5  According to a recent US survey (4800 residents surveyed), 80% of rental residents believe that Energy saving initiatives are beneficial to their and the planet’s well being.

theANNUAL Ottawa – 57


5 things you should know Here are five key ways a smart parcel locker can help streamline parcel management – By Snaile, Canada’s Parcel Locker Company

1 AVOID COSTLY CLUTTER

Fire code violations can be costly. In 2019, legislation was passed enabling even steeper fines for subsequent offences, bringing the cap for a second infraction to $1.5 million! By requiring that deliveries are deposited to a smart locker, lobbies and hallways are kept clear and hefty fines can be avoided.

2 GO CONTACTLESS

The arrival of COVID-19 has resulted in carriers waiving signature requirements and property managers prohibiting carrier foot traffic throughout buildings. A smart parcel locker allows carriers to deposit multiple parcels within minutes, without going past the designated delivery area. QR code scanning for contactless parcel pickup and the bank-grade touch-screen terminal, along with the flat steel surface of the lockers themselves, allow the units to be cleaned and disinfected with ease.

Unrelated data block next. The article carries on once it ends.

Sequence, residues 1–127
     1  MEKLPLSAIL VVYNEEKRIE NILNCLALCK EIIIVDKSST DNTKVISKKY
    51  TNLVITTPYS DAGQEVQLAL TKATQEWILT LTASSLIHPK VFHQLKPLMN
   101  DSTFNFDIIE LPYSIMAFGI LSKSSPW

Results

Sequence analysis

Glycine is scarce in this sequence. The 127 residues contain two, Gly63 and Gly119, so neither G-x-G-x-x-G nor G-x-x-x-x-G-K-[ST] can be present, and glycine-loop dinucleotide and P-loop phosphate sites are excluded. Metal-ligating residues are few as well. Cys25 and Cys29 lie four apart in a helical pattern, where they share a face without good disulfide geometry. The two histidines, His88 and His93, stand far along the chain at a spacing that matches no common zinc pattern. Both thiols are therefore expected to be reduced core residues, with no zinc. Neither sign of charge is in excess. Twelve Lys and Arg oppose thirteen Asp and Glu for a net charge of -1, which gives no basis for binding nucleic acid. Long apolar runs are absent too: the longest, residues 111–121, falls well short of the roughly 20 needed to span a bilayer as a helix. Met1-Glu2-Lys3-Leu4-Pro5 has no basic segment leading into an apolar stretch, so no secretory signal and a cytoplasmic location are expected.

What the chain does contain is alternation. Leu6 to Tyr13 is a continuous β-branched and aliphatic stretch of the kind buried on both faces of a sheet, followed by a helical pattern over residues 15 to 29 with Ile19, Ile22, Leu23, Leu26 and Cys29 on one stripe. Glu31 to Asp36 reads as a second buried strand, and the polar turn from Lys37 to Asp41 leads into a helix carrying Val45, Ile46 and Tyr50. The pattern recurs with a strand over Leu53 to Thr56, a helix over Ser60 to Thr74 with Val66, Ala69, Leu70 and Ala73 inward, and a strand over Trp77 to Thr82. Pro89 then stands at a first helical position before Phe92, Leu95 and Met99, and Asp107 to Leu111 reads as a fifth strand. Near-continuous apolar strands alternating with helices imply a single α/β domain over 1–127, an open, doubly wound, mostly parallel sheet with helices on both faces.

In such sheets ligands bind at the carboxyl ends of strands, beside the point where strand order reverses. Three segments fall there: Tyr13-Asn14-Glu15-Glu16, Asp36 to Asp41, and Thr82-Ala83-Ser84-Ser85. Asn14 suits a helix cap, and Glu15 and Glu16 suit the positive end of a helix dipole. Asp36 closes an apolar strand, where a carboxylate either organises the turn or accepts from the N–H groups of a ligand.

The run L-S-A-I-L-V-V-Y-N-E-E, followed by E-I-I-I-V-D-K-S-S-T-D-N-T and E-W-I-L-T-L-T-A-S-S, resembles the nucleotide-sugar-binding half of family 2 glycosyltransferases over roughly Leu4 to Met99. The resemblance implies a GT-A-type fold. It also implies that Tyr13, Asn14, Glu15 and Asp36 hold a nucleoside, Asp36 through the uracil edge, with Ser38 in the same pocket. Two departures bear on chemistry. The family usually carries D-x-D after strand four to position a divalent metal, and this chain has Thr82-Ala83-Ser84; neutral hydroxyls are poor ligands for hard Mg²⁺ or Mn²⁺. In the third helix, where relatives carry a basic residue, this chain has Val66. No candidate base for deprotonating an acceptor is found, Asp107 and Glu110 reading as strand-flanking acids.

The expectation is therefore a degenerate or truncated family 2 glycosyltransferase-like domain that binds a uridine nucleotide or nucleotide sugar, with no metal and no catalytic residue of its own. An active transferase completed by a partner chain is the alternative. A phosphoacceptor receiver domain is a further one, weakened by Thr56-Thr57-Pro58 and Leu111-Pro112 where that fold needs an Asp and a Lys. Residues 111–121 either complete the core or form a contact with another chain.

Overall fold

3 FACILITATE THE NEW WORK-FROMHOME NORM As apartments and condos are doing double-duty as the new 9-to-5 workspace, the number of deliveries is increasing accordingly. When a deposit occurs to a smart parcel locker, the recipient is notified the instant the compartment door closes. This allows for timely collection, clearing the compartment for subsequent use, and means that time-sensitive deliveries are flagged right away so no time is lost in a resident’s important workday.

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4 PREVENT THEFT AND DAMAGE

The way we now shop means that valuable items are coming to us, rather than being picked up in store. StatsCan says yearover-year ecommerce revenue is up 110% between May 2019 and May 2020. Items such as phones, computers – as well as sensitive documents that could lead to identity theft – should never be left unattended. Property managers can avoid the liability concerns around theft and damage by ensuring that all deliveries are made to an industrial grade smart locker where parcels are safely contained until the resident has an opportunity to collect them.

5 RELIEVE EMPLOYEE STRESS